"Many people I speak to on the road say that they like riding without a helmet, others say they would never even dream of getting on a bike without one.

"Certainly I never would and a helmet has saved me on a couple of occasions," he concluded.
 

25 user comments

Oldest firstNewest firstBest rated

I shouldn't think anyone'll have anything to say about that though.

Dave Atkinson's picture

posted by Dave Atkinson [7492 posts]
23rd June 2011 - 13:54

0 Likes

Thinking

Simon_MacMichael's picture

posted by Simon_MacMichael [8465 posts]
23rd June 2011 - 14:13

0 Likes

I wonder if reserach into the health-damaging consequences of people not cycling becase they were put off by having to wear a helmet, which made them think that cycling is dangerous, will be funded too?

Mike
-------__0
--- --- \_ \¬
------ (+) / (+)______ better by bike!

Mike McBeth's picture

posted by Mike McBeth [73 posts]
23rd June 2011 - 14:25

0 Likes

It misses the point, although I'm judging only by the press release.

Of course a helmet will protect you from bumps, scrapes and needing some stitches. That's what they are designed for, so it is hardly surprising that they do their job.

But many people seem to be under the impression that helmets protect from serious head injury or death or mitigate the effects of such events. How many times are they referred to as potentially 'life-saving'.

Do they save lives or prevent serious injury that's the question, not do they prevent any injuries at all.

If all they do is protect from minor injury then it is unlikely to be outweighed by the negative effects of reducing cycling numbers.

abudhabiChris's picture

posted by abudhabiChris [566 posts]
23rd June 2011 - 14:28

0 Likes

Helmet Panto Time! Big Grin

posted by richiecoops [40 posts]
23rd June 2011 - 14:48

0 Likes

I may have read it wrongly, but it sounds like (and apparently in common with the other studies that I've heard about) they have not distinguished between head injuries suffered by mountainbikers and other cyclists.

This seems to me to be a critical point. The likelihood of suffering a head injury (and the type/seriousness of that injury) whilst mountainbiking and, say, commuting to work is surely very different?

Without information to show which type of cyclists are suffering what types of injury, I can't see how any study like this could possibly be used to justify compulsory helmet wearing on the road.

posted by don_don [149 posts]
23rd June 2011 - 14:51

0 Likes

don_don wrote:
I may have read it wrongly, but it sounds like (and apparently in common with the other studies that I've heard about) they have not distinguished between head injuries suffered by mountainbikers and other cyclists.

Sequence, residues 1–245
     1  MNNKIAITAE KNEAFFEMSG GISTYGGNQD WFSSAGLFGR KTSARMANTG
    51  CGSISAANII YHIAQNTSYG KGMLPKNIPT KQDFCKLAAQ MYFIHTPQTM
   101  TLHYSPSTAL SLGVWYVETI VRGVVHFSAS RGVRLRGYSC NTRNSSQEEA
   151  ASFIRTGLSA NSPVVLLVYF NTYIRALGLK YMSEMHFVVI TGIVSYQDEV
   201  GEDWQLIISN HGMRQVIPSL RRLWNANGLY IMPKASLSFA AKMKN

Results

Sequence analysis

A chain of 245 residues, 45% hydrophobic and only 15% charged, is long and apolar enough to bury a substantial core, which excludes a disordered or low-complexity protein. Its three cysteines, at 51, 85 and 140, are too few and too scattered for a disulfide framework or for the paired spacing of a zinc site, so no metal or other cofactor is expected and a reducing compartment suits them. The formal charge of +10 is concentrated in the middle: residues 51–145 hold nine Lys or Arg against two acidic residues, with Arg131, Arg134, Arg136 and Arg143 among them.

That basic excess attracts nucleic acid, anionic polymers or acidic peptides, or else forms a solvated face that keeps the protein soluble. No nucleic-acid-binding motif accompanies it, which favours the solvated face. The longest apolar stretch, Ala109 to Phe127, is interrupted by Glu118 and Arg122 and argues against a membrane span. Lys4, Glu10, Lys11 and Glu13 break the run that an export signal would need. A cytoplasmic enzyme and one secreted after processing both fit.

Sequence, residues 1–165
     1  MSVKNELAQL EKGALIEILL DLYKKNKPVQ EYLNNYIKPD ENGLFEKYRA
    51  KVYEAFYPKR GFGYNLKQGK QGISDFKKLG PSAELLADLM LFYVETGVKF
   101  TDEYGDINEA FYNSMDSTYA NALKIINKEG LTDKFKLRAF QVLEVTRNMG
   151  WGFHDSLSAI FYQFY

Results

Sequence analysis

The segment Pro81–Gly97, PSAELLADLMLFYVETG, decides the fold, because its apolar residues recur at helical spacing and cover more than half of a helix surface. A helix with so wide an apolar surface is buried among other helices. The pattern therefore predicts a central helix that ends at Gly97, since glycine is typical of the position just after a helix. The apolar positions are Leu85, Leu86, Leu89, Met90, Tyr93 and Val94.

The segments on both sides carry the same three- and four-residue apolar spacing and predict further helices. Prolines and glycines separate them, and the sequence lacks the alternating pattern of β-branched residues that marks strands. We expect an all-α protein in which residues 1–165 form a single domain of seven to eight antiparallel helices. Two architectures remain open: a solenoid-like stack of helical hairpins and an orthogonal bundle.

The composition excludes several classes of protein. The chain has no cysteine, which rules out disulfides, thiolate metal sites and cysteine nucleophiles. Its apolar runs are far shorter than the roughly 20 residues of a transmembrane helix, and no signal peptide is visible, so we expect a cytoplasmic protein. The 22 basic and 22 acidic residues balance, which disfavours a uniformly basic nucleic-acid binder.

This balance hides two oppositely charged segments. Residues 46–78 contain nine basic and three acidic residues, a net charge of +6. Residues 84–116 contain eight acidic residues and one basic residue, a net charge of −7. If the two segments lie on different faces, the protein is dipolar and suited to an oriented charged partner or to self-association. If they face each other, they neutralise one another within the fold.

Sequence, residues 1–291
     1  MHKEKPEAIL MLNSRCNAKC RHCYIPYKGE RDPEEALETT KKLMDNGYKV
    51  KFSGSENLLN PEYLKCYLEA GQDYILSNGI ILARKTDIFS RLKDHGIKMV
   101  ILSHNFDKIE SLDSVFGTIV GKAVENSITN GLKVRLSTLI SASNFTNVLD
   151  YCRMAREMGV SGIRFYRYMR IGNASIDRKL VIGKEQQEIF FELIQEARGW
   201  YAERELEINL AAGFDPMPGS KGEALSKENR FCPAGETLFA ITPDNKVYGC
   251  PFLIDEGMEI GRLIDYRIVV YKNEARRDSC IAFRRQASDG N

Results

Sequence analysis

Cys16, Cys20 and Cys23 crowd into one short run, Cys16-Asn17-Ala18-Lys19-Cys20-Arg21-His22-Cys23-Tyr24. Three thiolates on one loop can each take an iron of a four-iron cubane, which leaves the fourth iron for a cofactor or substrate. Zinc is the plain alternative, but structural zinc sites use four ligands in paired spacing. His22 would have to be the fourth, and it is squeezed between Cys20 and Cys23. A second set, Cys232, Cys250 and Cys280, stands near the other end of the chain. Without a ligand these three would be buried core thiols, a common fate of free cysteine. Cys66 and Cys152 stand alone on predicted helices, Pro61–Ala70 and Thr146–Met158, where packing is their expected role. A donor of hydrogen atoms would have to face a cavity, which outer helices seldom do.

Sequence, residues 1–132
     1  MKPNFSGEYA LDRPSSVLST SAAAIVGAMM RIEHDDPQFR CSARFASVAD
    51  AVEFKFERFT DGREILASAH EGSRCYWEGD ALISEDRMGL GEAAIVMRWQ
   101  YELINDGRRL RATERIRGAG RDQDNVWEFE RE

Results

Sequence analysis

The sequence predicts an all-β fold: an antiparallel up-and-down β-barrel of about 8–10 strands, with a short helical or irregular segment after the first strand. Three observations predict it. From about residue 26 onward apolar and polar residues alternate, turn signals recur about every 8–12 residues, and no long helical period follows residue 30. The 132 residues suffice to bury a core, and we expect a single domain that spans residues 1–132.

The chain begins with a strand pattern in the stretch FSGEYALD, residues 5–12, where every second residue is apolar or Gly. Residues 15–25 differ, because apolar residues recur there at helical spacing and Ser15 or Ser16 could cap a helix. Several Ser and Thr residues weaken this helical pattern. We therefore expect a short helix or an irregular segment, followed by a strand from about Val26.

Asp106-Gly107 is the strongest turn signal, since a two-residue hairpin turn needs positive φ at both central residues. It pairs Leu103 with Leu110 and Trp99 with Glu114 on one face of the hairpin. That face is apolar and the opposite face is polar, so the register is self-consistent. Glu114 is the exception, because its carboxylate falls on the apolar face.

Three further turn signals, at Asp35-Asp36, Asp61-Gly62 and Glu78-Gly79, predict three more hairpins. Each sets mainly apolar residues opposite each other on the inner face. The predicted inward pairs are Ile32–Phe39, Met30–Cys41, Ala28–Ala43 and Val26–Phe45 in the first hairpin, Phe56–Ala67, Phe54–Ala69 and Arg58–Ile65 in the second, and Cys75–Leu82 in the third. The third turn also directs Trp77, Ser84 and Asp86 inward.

I have to admit, that distinction has never occurred to me, in all the years I've spent reading helmet threads online. What a plum.

Anyway, I've got some beer and popcorn. Put on a decent show chaps! Big Grin

Chuffy's picture

posted by Chuffy [190 posts]
23rd June 2011 - 15:10

0 Likes

Is that a 29 percent reduction in head injuries in total, or a 29 percent reduction in head injuries per miles cycled. If the latter then OK, but it should still be the rider's choice. If the former then I'd like to also see figures for the percentage change in heart disease and obesity levels a few decades after the legislation was introduced.

posted by handlebarcam [531 posts]
23rd June 2011 - 15:16

0 Likes

something that might be helpful is to publish this alongside the change in cycle usage, has it increased despite the law or reduced.

mrmo's picture

posted by mrmo [1345 posts]
23rd June 2011 - 17:12

0 Likes

A personal account here. As a teenager cycling in rural Queensland I was struck by a truck. I ended up with a broken collarbone, a few holes in my body and gravel rash up one side of my body, including the face. The helmet I was wearing ended up with cracked foam and the shell (a lot harder and thicker than by today's standards) was scraped raw. I've no doubt that that helmet prevented me from receiving massive head injuries. The ambulance took 2 hours to reach me so I'd go as far as to suggest that it probably saved my life. And in the subsequent years other helmets have also been useful when car doors have been opened on me.

posted by footsore tramp [6 posts]
24th June 2011 - 0:26

0 Likes

Looks like it's a change in the proportion of people pitching up at hospital with head injuries vs. other kinds of injuries. It seems the researchers aren't interested in if people choose to cycle or not, and why. What bothers me is the perception of cycling- inherently dangerous vs. relatively safe, specialist and niche vs. ordinary and everyday- which comes along with compulsory helmet laws and prevents a meaningful proportion of journeys being made by bike.

Patrick.

posted by Littlehuan [46 posts]
24th June 2011 - 1:51

0 Likes